TRIPOLI (Reuters) - Libya’s Islamist Justice and Construction Party said on Tuesday its five ministers, including the oil minister, would resign from the government, complicating Prime Minister Ali Zeidan’s efforts to stabilize the OPEC nation.
Two years after Muammar Gaddafi’s fall, the oil-producing North African state has struggled to overcome political turmoil and the challenge of heavily-armed ex-rebels and militants who fought in the 2011 revolt against the autocrat but now refuse to disarm.
At least two people were killed in clashes on Tuesday west of Tripoli when soldiers and militia allies attacked an area where they said gunmen loyal to Gaddafi were holed up, a Reuters witness and officials said.
Resignations by JCP, which repeatedly failed to secure a vote of no-confidence against Zeidan, will deepen deadlock in the General National Congress (GNC) parliament, which has made little progress in Libya’s transition to democracy.
“Zeidan failed in his duty to provide security, and to deliver in the electricity and oil sectors,” Nizar Kawan, a leading JCP member, said in a statement. “We had asked for a withdrawal of confidence, but some don’t understand the danger of the stage we are at now.”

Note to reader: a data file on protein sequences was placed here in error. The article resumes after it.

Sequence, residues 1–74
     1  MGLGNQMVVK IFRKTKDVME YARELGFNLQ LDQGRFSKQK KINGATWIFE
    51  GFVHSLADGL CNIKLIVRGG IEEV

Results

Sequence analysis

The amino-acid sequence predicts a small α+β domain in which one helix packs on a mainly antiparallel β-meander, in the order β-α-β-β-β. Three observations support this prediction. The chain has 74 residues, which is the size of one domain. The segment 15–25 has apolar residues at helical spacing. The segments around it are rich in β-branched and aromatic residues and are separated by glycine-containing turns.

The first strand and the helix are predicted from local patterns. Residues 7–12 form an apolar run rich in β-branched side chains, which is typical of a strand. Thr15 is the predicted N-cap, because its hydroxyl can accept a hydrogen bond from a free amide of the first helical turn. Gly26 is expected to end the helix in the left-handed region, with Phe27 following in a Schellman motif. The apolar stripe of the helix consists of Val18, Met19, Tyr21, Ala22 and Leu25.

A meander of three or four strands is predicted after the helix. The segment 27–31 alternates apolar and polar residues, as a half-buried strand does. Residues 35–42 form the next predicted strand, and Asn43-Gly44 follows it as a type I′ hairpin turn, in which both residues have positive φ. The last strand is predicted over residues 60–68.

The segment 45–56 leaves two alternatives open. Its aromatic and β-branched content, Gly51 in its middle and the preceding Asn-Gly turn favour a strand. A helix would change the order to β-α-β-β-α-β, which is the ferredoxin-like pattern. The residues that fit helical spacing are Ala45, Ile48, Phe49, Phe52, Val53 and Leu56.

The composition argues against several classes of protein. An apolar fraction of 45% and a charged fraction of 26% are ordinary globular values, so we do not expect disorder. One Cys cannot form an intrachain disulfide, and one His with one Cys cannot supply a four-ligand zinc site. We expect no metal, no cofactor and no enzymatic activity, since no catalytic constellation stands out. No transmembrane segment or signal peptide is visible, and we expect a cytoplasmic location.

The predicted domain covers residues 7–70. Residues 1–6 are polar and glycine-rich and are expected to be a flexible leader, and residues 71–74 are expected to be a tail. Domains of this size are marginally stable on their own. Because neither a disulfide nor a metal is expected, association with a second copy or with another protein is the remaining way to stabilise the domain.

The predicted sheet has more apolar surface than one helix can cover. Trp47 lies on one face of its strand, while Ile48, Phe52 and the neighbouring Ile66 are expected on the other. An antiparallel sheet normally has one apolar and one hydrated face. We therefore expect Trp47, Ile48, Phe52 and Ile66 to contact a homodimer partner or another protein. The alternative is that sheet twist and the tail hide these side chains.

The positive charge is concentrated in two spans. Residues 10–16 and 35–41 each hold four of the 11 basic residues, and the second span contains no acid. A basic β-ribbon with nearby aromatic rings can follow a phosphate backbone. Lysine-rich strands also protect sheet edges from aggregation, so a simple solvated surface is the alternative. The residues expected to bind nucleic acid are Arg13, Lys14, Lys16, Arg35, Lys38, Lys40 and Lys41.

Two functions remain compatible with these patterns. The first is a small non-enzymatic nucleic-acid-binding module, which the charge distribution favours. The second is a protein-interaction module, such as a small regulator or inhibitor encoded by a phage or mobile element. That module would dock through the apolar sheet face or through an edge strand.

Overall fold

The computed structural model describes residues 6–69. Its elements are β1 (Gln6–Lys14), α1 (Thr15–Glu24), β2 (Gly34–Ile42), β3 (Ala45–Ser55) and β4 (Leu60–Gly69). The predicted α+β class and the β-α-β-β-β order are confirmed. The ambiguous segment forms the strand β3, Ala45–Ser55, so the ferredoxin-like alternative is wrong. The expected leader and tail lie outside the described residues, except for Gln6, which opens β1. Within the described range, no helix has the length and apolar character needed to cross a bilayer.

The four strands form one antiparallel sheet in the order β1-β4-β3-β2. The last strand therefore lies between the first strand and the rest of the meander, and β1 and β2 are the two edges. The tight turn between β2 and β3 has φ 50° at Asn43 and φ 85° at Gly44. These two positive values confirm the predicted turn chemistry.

The GNC is caught in a stalemate between the JCP, the political wing of the Muslim Brotherhood, and the leading parliamentary party, National Forces Alliance, a more nationalist coalition.
Since the GNC was elected more than a year ago, infighting has delayed legislation, and Libya still has no constitution.
Tuesday’s clashes broke out after soldiers backed by militia fighters loosely aligned with the government stormed the Warshafena area on the western outskirts of Tripoli to capture gunmen they accused of belonging to pro-Gaddafi forces.
At least two people were killed when troops and militiamen fired anti-aircraft guns and rockets into the area where they had said tribal fighters resisted with rockets, a Reuters witness and hospital officials said.
The fighting was the heaviest since rival former rebels and militiamen withdrew from their bases in the Libyan capital late last year when street clashes killed dozens of protesters demanding militias pull out of the city.
Controlling former fighters and tribal demands is a major challenge for the fragile central government. One former rebel commander has seized eastern oil ports since August, choking off oil shipments to demand more autonomy.
Reporting by Ghaith Shennib, Feras Bosalum and Ayman Salha; writing by Patrick Markey; Editing by Janet Lawrence